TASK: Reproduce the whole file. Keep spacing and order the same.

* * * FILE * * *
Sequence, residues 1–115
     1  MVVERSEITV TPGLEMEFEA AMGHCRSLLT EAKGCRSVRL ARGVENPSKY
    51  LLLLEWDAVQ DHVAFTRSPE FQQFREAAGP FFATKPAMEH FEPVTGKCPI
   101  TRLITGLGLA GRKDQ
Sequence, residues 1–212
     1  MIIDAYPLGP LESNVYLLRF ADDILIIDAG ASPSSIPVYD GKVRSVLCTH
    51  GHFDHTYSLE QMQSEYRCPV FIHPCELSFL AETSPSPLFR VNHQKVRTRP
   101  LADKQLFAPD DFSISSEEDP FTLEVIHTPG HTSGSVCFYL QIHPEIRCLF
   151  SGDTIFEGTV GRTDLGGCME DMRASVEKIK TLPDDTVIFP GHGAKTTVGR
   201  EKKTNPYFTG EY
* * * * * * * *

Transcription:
Sequence, residues 1–115
     1  MVVERSEITV TPGLEMEFEA AMGHCRSLLT EAKGCRSVRL ARGVENPSKY
    51  LLLLEWDAVQ DHVAFTRSPE FQQFREAAGP FFATKPAMEH FEPVTGKCPI
   101  TRLITGLGLA GRKDQ
Sequence, residues 1–212
     1  MIIDAYPLGP LESNVYLLRF ADDILIIDAG ASPSSIPVYD GKVRSVLCTH
    51  GHFDHTYSLE QMQSEYRCPV FIHPCELSFL AETSPSPLFR VNHQKVRTRP
   101  LADKQLFAPD DFSISSEEDP FTLEVIHTPG HTSGSVCFYL QIHPEIRCLF
   151  SGDTIFEGTV GRTDLGGCME DMRASVEKIK TLPDDTVIFP GHGAKTTVGR
   201  EKKTNPYFTG EY